Indian Journalist’s Murder: The Ultimate Form of Press Censorship?

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Indian Journalist’s Murder: The Ultimate Form of Press Censorship?

Armed Conflicts, Asia-Pacific, Crime & Justice, Democracy, Featured, Headlines, Human Rights, Press Freedom, TerraViva United Nations BHUBANESWAR, India, Sep 7 2017 (IPS) – Dauntlessly crusading against curbs on freedom of speech, fifty-five-year-old Indian journalist Gauri Lankesh was gunned down at her very doorstep in Bengaluru city on the evening of Sep. 5, taking three bullets of the seven fired in her lungs and heart. She was shot from just three feet away. Known for her vocal stand against India’s growing right-wing ideology, communal politics and majoritian policies, Lankesh ran bold and forthright anti-establishment reports on the eponymous Gauri Lankesh Patrike, a regional language tabloid published, owned and edited by her since 2005.”Gauri Lankesh’s death is another stark reminder of how violence is the new normal (in India).” –A senior journalist She ran the paper only on subscriptions from loyal readers from across remote villages of Karnataka State. The paper carried no advertisements, following in the tradition of her socialist poet, playwright and journalist father who started the original tabloid. Gauri Lankesh described herself on her Twitter handle as a journalist-activist. Fluent in both English and the regional Kannada language, she fearlessly broadcast her far-left of centre and pro-Dalit ideologies against religious fundamentalism and the caste system, reaching a huge mass grassroots population. Speaking at her funeral, Karnataka’s chief minister M Siddaramaiah said, “Gauri brokered deals with Naxalites (Left-wing extremists) in Karnataka. She helped them enter the mainstream and played a vital role of a negotiator between the State and the extremists.” An activity which extremists cadres may have wanted to halt, Lankesh’s brother Indrajit Lankesh said today. Known as a sympathizer of left-wing extremists, Lankesh was among the few who could empathise with the poverty, oppression and injustices that had pushed these people to pick up arms against the government. In November, Lankesh was convicted in two libel suits filed by the ruling Bharatiya Janata Party (BJP) parliamentarians for her 2008 article alleging that they had criminal dealings. She was, however, granted bail and was planning to appeal to a higher court. Majority of journalists killed wrote on politics and corruption Lankesh’s voice being silenced once again highlights that journalists covering politics and corruption in India are most at risk of being silenced by killing. Over half of the 27 journalists murdered in the country since 1992 were covering politics and corruption – the two beats most likely to provoke violent repercussions, finds the Committee to Protect Journalist (CPJ). The threat from these seems to be rising. India continues to languish in the bottom third of the 2017 World Press Freedom Index, ranking 136th of 180 countries. Among India’s neighbours, most fare better, including conflict-torn Afghanistan at 120, Pakistan at 139, Sri Lanka at 141, , Bangladesh at 146, Nepal at 100, Bhutan at 84 and China at 176. Norway leads while North Korea is at the bottom. The Index ranks countries according to the level of freedom available to journalists. It is a snapshot of the media freedom situation based on an evaluation of pluralism, independence of the media, quality of legislative framework and safety of journalists in each country. ‘It is not what you said, but why you said it’ A friend of the slain journalist who was also from the media fraternity is quoted as saying that Lankesh was very “in your face” in her brand of progressive activism against radical Hinduism. “In my frequent interactions with her, I would tell her that her whole rhetoric should be more subtle,” her friend says. “She was very naive and she was politically incorrect. She was very bold, but indulged in sloganeering of a certain kind which I said would not achieve anything. She needed to strategize.” “Our right to dissent is being threatened,” the intrepid journalist said instead. Bold red placards at her funeral read, “It is not what you said, but why you said it.” “Given the ways in which speech is being stifled, dire days lie ahead,” Lankesh told an online portal a few months before her death, in an intuitive foretelling of her violent end. She installed two closed circuit surveillance systems a fortnight before the fatal attack. No link has yet been established between her death and her ideology or writing by police investigations, but because she so fiercely fought for freedom of speech and freedom of thought, large sections of Indian media protesting her killing are expressing concern over what they described as a growing intolerance of dissenting political voices.Related IPS ArticlesMuzzling the Media: CambodiaInternet Shutdowns in Africa Stifling Press FreedomA Global Call for Journalists’ Safety A senior journalist sums up the current sentiment saying, “Gaur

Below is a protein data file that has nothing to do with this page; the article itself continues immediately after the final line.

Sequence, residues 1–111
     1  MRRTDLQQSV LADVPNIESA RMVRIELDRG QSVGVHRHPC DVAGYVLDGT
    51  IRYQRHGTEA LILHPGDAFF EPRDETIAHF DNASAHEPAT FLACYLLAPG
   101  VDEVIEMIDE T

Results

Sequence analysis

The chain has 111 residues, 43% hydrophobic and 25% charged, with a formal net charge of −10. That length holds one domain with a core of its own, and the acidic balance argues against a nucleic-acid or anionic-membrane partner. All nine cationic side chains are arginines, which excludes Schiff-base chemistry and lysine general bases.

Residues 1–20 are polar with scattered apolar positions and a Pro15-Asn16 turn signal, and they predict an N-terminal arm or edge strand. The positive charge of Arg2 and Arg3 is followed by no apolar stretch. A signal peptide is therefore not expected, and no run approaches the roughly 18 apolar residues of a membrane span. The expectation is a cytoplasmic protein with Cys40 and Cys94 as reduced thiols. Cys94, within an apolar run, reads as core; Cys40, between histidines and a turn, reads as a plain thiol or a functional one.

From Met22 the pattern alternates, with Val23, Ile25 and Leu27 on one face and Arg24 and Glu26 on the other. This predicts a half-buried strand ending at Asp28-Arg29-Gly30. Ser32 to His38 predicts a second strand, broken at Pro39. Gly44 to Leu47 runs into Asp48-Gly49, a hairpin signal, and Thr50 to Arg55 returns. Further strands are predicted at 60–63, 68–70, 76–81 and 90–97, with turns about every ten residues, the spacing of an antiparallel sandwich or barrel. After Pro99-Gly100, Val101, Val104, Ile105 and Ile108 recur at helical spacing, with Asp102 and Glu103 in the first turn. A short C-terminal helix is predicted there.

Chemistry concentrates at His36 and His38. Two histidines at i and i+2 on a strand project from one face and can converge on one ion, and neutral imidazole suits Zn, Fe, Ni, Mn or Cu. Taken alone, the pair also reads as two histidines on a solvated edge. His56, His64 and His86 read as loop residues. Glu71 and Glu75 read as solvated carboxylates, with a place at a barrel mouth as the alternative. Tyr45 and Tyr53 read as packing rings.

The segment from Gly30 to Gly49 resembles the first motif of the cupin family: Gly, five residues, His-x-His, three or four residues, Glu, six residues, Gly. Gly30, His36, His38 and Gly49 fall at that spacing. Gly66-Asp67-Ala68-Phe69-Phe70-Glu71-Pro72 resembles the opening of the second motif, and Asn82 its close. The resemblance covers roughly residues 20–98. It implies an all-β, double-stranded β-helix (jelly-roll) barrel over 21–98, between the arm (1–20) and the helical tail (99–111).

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On September 8, 2017
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